Warning: This story deals with suspected suicide and may be upsetting.

A mental health facility was severely short staffed when Nicky Stevens died after going on unescorted leave - and notes from his last days alive went missing.

New evidence from a former nurse at the Henry Rongomai Bennett Centre has been placed before coroner Wallace Bain in an inquest into Stevens' death in March 2015.

The nurse has told of a short-staffed ward 35 where Stevens was being treated for paranoid schizophrenia when he was granted unescorted leave against his family's wishes.

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The day Stevens went missing, on March 9, another nurse filed a report about under-staffing, according to the evidence of the former nurse, who has name suppression.

However, after Stevens went missing, that report - and Stevens' detailed daily notes from March 7 to 9 - disappeared.

The matter was only discovered when Waikato District Health Board told police months later.

The nurse said staff on the ward were "blown away" when they were told about the missing notes.

"From my point of view it was a weird thing to go missing."

She said the day after Stevens went missing, the 21-year-old's dedicated nurse and a psychiatric assistant were standing beside the notes on a table, talking.

"By 11am I saw that the notes were gone."

She overheard that the notes had been moved to the charge nurse manager's office.

"When I heard this conversation I asked why they were in [the charge nurse's] office and was told by the shift manager that they would be protected in there."

Nicky Stevens was found dead in the Waikato River three days after walking off from the Henry Rongomau Bennett Centre. Photo / Supplied
Nicky Stevens was found dead in the Waikato River three days after walking off from the Henry Rongomau Bennett Centre. Photo / Supplied

On the day Stevens' body was found in the Waikato River in Hamilton on March 12, the nurse said mental health managers descended on the medium-security ward.

She claimed two of those managers went in and out of the office containing the notes.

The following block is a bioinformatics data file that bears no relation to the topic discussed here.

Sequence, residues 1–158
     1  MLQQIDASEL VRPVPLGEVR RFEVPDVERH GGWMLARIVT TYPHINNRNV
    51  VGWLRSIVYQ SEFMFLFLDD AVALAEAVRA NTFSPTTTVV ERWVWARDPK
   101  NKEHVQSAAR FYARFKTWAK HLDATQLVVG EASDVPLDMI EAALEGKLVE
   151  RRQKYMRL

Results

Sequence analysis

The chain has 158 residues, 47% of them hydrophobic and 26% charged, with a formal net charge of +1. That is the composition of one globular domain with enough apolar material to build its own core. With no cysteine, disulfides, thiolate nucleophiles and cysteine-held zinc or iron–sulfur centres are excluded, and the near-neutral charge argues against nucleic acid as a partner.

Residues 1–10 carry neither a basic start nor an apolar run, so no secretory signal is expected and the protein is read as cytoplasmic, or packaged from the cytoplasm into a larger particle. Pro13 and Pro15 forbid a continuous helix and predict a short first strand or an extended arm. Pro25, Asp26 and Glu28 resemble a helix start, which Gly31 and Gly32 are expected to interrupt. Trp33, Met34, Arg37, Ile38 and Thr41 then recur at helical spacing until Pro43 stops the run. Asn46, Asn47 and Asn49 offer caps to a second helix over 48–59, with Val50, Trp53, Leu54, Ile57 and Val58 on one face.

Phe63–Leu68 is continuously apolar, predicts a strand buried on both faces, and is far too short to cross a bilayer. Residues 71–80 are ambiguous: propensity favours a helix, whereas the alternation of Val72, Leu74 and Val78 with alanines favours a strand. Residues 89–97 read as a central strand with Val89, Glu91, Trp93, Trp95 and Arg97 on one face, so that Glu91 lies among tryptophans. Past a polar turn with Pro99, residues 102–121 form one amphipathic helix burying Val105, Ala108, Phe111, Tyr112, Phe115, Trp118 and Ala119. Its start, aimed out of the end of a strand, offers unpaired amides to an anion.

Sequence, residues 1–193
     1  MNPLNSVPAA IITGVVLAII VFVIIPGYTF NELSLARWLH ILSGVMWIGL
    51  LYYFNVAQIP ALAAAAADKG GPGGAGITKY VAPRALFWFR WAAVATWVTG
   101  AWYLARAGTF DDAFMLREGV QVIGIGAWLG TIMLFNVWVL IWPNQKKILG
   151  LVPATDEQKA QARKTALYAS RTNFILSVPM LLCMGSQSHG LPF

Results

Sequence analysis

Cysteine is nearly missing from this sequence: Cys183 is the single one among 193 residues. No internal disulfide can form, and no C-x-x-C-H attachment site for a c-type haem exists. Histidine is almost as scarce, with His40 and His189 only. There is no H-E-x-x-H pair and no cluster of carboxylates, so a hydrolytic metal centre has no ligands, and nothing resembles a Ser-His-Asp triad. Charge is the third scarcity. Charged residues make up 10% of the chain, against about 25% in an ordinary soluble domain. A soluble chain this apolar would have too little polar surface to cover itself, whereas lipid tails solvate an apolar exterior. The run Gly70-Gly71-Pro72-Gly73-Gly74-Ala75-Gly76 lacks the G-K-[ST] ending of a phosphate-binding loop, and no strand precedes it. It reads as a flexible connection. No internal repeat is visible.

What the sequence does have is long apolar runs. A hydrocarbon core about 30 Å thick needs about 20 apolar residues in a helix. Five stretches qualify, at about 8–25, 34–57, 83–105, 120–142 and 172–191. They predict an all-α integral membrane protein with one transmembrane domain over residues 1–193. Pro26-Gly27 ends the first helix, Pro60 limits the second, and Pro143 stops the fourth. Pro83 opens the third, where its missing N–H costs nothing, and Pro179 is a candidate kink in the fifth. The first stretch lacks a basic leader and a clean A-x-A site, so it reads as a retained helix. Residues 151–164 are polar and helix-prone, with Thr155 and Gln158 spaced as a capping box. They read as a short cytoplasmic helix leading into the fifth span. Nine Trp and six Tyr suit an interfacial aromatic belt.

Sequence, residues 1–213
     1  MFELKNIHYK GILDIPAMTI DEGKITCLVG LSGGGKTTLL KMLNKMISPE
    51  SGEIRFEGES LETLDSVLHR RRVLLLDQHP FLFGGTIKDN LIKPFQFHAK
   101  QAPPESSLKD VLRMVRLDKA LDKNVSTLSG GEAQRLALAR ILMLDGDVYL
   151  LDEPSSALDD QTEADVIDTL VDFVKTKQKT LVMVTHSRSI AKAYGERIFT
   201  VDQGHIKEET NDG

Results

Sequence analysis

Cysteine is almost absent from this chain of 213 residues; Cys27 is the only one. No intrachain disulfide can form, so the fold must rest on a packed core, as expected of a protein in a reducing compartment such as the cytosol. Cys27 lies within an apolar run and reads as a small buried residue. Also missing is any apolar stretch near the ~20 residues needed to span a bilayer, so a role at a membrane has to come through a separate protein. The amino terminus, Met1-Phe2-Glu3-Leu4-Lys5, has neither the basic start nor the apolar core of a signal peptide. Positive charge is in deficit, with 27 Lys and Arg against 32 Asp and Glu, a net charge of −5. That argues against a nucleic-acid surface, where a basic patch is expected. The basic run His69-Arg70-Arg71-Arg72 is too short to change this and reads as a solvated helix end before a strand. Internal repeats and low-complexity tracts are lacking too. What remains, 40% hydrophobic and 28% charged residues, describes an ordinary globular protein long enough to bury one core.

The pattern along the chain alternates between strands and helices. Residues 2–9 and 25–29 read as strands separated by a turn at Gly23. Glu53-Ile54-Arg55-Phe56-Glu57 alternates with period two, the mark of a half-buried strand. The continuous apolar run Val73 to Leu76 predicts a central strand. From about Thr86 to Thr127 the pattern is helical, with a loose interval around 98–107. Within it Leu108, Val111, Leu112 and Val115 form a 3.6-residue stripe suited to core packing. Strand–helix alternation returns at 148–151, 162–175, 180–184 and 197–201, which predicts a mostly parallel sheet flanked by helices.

The next day one of those managers took charge of the notes, explaining they would be "kept safe".

The nurse said she came forward so late in the coronial inquiry because she didn't think her evidence was relevant.

She did not take the witness stand at the inquest at the High Court in Hamilton and was not questioned over her evidence.

The family of Nicky Stevens, from left, father Dave Macpherson, brother Tony Stevens and mother Jane Stevens are at his inquest in Hamilton this week. Photo / Natalie Akoorie
The family of Nicky Stevens, from left, father Dave Macpherson, brother Tony Stevens and mother Jane Stevens are at his inquest in Hamilton this week. Photo / Natalie Akoorie

However a current Waikato DHB mental-health nurse also gave a statement to the inquest.

She also did not take the witness stand but disputed the former nurse's evidence, saying she never ordered the other nurse to "keep her mouth shut" about the missing incident form.

"It never occurred. Nor would I have a conversation like that."

The three-day inquest is set to conclude today.

Stevens' father Dave Macpherson is giving evidence today.

Where to get help

If you are worried about your or someone else's mental health, the best place to get help is your GP or local mental health provider. However, if you or someone else is in danger or endangering others, call police immediately on 111.

OR IF YOU NEED TO TALK TO SOMEONE ELSE:

LIFELINE: 0800 543 354 (available 24/7)
• SUICIDE CRISIS HELPLINE: 0508 828 865 (0508 TAUTOKO) (available 24/7)
YOUTHLINE: 0800 376 633
• NEED TO TALK? Free call or text 1737 (available 24/7)
KIDSLINE: 0800 543 754 (available 24/7)
WHATSUP: 0800 942 8787 (1pm to 11pm)
• DEPRESSION HELPLINE: 0800 111 757